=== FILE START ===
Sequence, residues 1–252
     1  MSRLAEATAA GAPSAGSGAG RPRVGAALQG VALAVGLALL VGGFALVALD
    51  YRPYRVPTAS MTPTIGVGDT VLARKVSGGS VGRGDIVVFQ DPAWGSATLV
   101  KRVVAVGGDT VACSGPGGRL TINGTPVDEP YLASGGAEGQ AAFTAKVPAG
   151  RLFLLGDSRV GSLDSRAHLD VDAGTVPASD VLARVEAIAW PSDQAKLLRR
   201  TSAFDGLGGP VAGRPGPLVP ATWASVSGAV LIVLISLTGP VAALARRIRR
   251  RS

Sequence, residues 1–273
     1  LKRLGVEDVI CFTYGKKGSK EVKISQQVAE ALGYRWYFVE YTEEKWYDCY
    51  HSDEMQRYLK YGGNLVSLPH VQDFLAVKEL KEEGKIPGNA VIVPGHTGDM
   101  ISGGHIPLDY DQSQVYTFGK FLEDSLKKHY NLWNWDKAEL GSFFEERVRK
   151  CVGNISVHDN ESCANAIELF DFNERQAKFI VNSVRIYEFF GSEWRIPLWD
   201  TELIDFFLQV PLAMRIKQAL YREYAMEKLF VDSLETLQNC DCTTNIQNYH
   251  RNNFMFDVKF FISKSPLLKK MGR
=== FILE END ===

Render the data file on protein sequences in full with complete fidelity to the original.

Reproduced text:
Sequence, residues 1–252
     1  MSRLAEATAA GAPSAGSGAG RPRVGAALQG VALAVGLALL VGGFALVALD
    51  YRPYRVPTAS MTPTIGVGDT VLARKVSGGS VGRGDIVVFQ DPAWGSATLV
   101  KRVVAVGGDT VACSGPGGRL TINGTPVDEP YLASGGAEGQ AAFTAKVPAG
   151  RLFLLGDSRV GSLDSRAHLD VDAGTVPASD VLARVEAIAW PSDQAKLLRR
   201  TSAFDGLGGP VAGRPGPLVP ATWASVSGAV LIVLISLTGP VAALARRIRR
   251  RS

Sequence, residues 1–273
     1  LKRLGVEDVI CFTYGKKGSK EVKISQQVAE ALGYRWYFVE YTEEKWYDCY
    51  HSDEMQRYLK YGGNLVSLPH VQDFLAVKEL KEEGKIPGNA VIVPGHTGDM
   101  ISGGHIPLDY DQSQVYTFGK FLEDSLKKHY NLWNWDKAEL GSFFEERVRK
   151  CVGNISVHDN ESCANAIELF DFNERQAKFI VNSVRIYEFF GSEWRIPLWD
   201  TELIDFFLQV PLAMRIKQAL YREYAMEKLF VDSLETLQNC DCTTNIQNYH
   251  RNNFMFDVKF FISKSPLLKK MGR